Ramadan Karim to my Muslim readers (I have some regular Muslim readers.)
Ramadan this year corresponds to the Hebrew month of Av. There is an interesting blog Jihadi Jew, by a Breslov Baal Teshuvah who teaches in a community day school, who asks the question: Why should a Jew care about Ramadan? He discusses why he is comfortable wishing Ramadan greeting when he is quite uncomfortable and has compunctions about Christmas. Ramadan is not Hukkat Hagoyim, the ways of the gentiles because the message of Ramadan is about Jewish values and that the Koran already acknowledged this.
I have no such qualms about saying “Ramadan Mubarak!” On the contrary, I hunt down nifty e-cards on the internet. I even include personalized messages. In person, I give handshakes, hugs (or for women- a decorous nod) and those words come easily, “Ramadan Mubarak” a Blessed Ramadan! I keep a mental Ramadan countdown. I get enthusiastic. It is admittedly very weird for a Jewish guy. It is even weirder for an observant Jewish guy. I get that.
Ramadan is very “Jewish.” In Ramadan, we have a practice that promotes monotheistic worship in the world while employing practices that are specifically endorsed by Jewish tradition (prayer, fasting, charity and ethical restraint). The continuity of Ramadan with previous Jewish practice is actually acknowledged by the Qur’an itself. Even the Qur’an says it’s very “Jewish.”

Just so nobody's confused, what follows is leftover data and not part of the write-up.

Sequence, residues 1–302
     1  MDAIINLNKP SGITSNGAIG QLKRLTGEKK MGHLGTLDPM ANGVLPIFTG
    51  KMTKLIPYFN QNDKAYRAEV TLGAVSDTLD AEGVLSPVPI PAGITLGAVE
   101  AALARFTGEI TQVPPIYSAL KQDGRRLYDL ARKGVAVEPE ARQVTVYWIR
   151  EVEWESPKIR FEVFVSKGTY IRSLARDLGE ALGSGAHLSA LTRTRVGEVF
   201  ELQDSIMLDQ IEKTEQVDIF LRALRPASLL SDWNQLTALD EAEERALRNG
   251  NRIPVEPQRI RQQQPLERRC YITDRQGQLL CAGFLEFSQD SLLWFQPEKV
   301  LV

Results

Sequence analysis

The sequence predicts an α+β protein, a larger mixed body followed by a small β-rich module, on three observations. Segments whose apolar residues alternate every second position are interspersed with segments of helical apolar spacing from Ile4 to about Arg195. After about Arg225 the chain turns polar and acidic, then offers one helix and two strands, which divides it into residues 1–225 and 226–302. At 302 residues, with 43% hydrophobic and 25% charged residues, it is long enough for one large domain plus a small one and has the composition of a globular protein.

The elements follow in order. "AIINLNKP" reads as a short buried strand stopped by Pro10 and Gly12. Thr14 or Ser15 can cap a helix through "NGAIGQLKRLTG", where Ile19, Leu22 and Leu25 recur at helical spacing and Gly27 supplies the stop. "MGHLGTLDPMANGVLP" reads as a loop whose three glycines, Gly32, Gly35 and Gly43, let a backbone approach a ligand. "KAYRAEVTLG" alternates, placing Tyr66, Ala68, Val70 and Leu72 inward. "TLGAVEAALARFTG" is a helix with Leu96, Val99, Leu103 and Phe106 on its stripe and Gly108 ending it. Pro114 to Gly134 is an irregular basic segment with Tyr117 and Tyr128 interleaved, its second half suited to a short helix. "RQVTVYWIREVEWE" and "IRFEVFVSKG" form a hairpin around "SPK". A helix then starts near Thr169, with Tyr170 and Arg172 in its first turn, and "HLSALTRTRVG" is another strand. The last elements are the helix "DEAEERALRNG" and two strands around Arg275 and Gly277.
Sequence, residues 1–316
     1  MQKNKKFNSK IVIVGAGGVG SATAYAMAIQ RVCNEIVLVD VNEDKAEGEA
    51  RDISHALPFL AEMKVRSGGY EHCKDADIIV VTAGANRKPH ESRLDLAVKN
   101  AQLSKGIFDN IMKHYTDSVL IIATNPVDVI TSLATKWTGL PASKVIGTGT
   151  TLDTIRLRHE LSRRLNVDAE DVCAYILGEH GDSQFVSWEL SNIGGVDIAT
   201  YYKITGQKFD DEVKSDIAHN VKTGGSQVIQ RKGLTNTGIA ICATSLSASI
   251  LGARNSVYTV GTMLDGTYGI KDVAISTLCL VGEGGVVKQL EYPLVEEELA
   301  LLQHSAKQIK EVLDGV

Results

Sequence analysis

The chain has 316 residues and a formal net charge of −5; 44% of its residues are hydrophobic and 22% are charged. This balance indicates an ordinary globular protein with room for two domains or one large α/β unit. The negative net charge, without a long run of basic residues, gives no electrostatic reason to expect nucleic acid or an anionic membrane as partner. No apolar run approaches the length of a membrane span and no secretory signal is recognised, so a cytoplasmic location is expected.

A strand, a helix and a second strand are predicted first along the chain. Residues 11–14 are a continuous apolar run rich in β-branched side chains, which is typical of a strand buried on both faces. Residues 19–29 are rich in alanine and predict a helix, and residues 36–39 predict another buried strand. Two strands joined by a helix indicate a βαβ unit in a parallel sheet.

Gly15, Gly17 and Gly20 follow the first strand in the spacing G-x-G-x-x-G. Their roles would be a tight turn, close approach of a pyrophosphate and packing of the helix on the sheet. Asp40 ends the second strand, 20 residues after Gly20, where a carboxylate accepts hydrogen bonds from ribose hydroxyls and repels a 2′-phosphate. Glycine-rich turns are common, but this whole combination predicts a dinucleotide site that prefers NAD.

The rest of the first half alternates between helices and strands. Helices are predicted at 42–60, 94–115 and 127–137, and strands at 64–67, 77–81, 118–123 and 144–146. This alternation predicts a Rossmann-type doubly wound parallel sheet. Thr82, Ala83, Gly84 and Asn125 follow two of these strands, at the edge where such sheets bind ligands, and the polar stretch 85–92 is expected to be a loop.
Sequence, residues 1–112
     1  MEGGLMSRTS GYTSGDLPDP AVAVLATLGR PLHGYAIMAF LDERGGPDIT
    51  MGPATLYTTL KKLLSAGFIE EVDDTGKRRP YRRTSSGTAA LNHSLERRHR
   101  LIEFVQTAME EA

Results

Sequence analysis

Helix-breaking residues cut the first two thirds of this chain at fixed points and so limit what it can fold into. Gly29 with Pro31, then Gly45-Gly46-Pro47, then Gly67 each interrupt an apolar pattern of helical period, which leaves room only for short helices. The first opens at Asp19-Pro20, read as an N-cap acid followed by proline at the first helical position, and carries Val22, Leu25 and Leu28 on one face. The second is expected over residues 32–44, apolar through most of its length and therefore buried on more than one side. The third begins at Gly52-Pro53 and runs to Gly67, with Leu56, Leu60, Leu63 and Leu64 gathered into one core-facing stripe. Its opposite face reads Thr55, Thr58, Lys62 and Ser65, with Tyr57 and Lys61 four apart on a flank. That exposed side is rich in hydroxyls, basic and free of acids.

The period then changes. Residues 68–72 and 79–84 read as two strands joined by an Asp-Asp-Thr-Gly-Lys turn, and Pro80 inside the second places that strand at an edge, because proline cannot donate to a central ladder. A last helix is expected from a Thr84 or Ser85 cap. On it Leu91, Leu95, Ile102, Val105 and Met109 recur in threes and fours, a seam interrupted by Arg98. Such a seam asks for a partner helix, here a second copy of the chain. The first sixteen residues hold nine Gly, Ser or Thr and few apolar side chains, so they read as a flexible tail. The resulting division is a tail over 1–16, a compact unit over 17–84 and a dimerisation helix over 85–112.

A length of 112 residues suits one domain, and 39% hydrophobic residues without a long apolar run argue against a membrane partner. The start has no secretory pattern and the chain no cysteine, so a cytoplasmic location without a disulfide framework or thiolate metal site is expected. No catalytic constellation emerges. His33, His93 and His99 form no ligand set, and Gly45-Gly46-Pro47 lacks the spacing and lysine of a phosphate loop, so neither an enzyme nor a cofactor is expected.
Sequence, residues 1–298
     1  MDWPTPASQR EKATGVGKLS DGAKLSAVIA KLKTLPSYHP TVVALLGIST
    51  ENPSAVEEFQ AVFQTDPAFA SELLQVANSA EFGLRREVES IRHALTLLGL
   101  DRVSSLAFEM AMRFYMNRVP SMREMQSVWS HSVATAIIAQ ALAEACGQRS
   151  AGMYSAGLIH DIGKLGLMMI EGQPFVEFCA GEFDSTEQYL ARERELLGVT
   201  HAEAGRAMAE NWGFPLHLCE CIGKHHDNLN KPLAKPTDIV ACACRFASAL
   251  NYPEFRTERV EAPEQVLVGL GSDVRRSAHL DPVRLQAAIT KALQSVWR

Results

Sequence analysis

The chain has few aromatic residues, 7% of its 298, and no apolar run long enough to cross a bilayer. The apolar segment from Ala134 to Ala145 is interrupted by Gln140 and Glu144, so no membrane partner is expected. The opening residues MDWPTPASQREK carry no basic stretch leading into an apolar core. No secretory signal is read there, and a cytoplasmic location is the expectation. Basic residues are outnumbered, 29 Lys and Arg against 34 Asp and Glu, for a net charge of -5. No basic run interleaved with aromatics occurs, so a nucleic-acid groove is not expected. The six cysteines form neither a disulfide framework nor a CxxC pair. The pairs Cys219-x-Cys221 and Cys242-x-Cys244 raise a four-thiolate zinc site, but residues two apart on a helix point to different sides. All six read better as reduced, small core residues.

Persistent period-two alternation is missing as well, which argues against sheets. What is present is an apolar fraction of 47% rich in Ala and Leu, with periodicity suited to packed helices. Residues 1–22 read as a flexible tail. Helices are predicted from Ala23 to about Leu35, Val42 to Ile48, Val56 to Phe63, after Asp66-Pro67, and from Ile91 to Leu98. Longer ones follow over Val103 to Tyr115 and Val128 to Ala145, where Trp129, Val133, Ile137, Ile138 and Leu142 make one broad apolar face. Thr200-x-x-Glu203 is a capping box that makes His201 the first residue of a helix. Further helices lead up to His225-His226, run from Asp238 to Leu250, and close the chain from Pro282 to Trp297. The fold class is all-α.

O you who have attained to faith! Fasting is ordained for you as it was ordained for those before you, so that you might remain conscious of God.
– 2:183 (Muhummad Asad trans.)
“Those before you.” That would be US. Indeed there are obvious parallels to specific and well-known Jewish practices. The dedication of the month of Elul as a period of repentance and spiritual focus and the standard Sephardic practice of doing special early morning selichot (“forgiveness”) prayers for the 40 day period from the beginning of Elul until Yom Kipppur is a clear parallel to the Muslim practice. That this period corresponds to the period in which Moses received the Torah is paralleled by Ramadan’s commemoration of the receiving of the Qur’an. Similarly there are fasting practices associated with this period in the Jewish year for the 10 days of repentance. There is even a kabalistic custom… to refrain from food during the daytime for the entire 40-day period (Shabbat and Rosh Hashana exempted). The Qur’an’s comment that the practice of Ramadan is based on previous practice can and should be taken at face value. Ramadan has Jewish roots.